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story.lead_photo.caption Crystal Quade, D-Springfield, House Minority Leader, and several other members of the House Minority Caucus held a news conference Monday in the House Lounge to publicly raise the alarm about the Medicaid enrollment crisis. According to the caucus, an estimated 100,000 Missouri children have recently lost access to coverage, but House Democrats said they are encouraged by recent movement by Republicans to address the problem. Photo by Julie Smith / News Tribune.

Missouri's Republican leadership is coming around to verifying what Democrats have been saying for more than a year — the state wrongly kicked thousands of children who qualify for Medicaid out of the program.

About 125,000 children were removed from the state's Medicaid rolls over the past year, state Rep. Crystal Quade, D-Springfield, the House minority leader said Monday.

"In recent weeks, Republican leaders have finally admitted we have children without Medicaid who should have it," Quade said. "We appreciate the public acknowledgment of this crisis being real."

Every Missouri child wrongfully removed from Medicaid should have the insurance program restored, she said.

Leading up into last year, about 30,000 adults who didn't qualify for MO HealthNet, Missouri's Medicaid program, were added to the program, said state Rep. David Wood, R-Versailles, vice-chairman of the House Budget Committee.

Wood, who is also chairman of the House Subcommittee on Appropriations — Health, Mental Health and Social Services, said when a new system went into place in 2018, the wrongfully added adults' families lost coverage because the parents didn't qualify in the first place.

However, because Mo HealthNet for Kids provides medical care for children younger than 19 whose family makes up to 300 percent of the federal poverty level, the children still qualified. Parents just didn't know to reapply for the children.

"We probably didn't do as good a job as we could have to notify them to reapply for their children," Woods said. "We should probably do a better job of that."

Still, it's the parents' responsibility to find health coverage for their children, he said.

Parents wouldn't automatically know to reapply for coverage for their children, Quade said. She added during a Democratic Caucus news conference on the subject Monday that the letter the state sent to parents who were deleted from the rolls said nothing about reapplying for coverage for their children.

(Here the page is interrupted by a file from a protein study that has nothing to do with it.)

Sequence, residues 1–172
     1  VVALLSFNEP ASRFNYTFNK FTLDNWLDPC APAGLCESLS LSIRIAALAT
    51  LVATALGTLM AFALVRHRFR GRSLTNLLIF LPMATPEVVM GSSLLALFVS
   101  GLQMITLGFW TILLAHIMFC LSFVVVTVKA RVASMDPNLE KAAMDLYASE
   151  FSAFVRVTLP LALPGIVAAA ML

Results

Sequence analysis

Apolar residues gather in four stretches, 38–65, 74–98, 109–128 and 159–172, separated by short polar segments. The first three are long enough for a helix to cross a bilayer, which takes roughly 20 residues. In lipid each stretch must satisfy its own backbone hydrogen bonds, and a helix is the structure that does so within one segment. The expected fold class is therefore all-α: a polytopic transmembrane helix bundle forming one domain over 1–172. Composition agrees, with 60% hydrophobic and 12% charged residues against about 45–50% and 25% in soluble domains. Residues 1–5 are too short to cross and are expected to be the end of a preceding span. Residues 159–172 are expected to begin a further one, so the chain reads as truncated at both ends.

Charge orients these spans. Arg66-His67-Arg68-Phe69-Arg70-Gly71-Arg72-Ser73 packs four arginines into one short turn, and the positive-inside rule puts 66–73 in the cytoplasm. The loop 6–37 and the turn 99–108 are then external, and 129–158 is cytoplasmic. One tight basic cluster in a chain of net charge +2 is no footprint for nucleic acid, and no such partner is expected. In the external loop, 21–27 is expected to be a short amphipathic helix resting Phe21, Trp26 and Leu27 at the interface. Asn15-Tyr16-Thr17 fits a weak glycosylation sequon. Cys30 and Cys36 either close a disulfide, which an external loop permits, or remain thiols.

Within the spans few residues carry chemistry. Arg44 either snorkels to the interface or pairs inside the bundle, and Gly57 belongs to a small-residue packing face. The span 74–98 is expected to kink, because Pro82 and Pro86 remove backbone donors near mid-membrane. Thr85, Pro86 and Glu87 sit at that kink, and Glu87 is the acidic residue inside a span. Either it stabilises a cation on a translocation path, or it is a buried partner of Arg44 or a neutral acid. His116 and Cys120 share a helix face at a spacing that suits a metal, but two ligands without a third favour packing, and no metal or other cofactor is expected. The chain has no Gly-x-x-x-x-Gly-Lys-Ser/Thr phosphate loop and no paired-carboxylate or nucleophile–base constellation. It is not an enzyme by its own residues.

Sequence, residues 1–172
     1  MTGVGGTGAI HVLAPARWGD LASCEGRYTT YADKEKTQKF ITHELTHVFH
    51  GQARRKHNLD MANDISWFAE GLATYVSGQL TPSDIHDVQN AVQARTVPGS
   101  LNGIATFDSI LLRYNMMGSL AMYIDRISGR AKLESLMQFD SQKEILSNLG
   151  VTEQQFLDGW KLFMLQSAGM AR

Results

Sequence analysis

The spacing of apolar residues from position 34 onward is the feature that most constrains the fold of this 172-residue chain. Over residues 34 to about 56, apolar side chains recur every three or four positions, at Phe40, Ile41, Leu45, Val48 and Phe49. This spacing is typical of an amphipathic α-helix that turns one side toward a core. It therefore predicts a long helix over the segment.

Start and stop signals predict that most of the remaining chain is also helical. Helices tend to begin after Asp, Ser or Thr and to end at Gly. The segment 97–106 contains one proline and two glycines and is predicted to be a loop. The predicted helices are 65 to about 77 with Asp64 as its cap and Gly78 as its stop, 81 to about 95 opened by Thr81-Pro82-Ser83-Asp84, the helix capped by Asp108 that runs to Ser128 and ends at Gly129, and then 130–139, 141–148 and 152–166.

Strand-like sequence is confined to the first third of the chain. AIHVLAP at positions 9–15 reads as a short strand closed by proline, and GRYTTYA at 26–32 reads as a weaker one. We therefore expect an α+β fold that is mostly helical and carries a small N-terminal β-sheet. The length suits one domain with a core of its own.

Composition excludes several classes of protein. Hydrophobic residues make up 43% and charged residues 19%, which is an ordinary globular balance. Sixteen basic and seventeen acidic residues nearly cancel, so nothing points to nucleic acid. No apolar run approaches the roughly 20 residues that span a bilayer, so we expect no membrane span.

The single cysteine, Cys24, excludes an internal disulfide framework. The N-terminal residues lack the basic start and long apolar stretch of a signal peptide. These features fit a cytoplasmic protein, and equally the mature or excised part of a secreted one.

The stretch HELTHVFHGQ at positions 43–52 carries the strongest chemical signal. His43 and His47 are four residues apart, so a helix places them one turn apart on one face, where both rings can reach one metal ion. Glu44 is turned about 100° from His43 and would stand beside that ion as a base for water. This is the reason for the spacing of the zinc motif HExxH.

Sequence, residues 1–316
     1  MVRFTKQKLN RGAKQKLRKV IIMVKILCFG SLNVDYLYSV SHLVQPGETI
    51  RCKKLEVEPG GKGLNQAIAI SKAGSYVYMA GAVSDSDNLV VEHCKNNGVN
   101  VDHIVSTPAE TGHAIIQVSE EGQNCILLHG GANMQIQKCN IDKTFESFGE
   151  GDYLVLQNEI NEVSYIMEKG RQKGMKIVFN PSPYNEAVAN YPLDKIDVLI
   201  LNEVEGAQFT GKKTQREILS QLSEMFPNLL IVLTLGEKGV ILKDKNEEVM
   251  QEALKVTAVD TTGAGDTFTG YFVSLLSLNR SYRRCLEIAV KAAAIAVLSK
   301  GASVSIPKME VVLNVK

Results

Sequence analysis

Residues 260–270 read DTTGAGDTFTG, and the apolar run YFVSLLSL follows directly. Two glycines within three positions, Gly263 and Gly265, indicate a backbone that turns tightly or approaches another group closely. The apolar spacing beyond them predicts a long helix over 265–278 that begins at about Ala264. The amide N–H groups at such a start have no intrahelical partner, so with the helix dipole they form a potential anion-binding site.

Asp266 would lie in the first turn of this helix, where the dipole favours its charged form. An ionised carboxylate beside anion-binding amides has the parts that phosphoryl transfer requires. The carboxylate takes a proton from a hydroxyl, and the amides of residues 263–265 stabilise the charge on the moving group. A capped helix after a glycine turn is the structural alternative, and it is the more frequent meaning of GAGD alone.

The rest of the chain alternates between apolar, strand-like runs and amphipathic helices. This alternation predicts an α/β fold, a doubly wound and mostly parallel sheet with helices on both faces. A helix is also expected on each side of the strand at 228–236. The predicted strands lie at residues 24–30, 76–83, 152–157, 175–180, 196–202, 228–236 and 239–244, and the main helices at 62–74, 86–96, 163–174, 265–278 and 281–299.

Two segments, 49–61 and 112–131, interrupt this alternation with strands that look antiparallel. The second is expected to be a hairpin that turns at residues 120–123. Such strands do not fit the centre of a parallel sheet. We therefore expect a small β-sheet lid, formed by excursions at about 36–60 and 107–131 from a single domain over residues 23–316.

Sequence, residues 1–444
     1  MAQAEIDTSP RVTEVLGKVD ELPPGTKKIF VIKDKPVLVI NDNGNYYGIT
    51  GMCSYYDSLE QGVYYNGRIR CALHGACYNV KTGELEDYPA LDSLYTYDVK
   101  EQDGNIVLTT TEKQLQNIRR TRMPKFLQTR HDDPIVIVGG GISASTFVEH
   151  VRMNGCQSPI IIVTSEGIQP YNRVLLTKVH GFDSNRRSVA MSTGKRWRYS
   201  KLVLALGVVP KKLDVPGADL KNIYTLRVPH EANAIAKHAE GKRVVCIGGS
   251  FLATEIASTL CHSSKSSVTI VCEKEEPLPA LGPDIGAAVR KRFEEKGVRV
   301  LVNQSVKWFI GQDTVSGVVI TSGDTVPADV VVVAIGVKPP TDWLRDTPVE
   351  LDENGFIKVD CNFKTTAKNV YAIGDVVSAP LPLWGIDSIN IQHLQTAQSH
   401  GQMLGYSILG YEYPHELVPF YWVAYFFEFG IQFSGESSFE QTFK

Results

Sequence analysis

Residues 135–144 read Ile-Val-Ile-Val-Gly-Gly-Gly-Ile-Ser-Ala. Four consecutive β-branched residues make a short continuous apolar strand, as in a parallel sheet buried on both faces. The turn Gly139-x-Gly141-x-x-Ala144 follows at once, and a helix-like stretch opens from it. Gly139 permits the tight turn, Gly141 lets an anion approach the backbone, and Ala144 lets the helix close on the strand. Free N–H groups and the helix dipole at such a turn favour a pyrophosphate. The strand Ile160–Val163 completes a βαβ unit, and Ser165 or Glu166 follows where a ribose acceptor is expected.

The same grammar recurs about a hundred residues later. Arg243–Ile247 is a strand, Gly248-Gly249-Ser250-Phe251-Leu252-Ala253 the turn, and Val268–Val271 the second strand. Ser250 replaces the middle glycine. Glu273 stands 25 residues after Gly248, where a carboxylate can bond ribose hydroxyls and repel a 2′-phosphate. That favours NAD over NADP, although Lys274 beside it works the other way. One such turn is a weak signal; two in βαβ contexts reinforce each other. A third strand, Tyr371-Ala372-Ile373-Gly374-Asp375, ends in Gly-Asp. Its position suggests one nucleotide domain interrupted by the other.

A challenge is that parents are required to re-enroll their children every three months.

Twenty-four states have year-long enrollments for children, said state Rep. Sarah Unsicker, D-Shrewsbury.

"This will greatly reduce children going on and off the program," Quade said.

Every time eligibility is reviewed, there's a chance mistakes could be made, which results in a drop in coverage, according to Unsicker. Unsicker has introduced House Bill 1670, which would allow a child who is eligible for the state's Medicaid program to remain eligible for benefits for 12 months after enrollment, unless they move out of Missouri or turn 19.

"We believe many of the Medicaid drops in Missouri are because of mistakes," she said.

She added that a survey of health care providers found 87 percent of patients who lost coverage still qualified for coverage but lost it because of changes to the renewal process.

States that have year-long coverage "experience more efficiencies, less administrative burden and fewer gaps in coverage," Unsicker said, "which means the states save time and money."

And it means parents don't have to worry about whether their children's health is covered one month to the next, she said.

Democrats are asking that Gov. Mike Parson pause removal of children from the program until the situation is resolved. A previous Missouri governor did so, and so has the state of Louisiana, Quade said.

However, the governor's office has not budged, she said.

"We have a chance during the coming weeks to do right by Missouri's children — and I hope the Republican leadership will make this a priority," she said.

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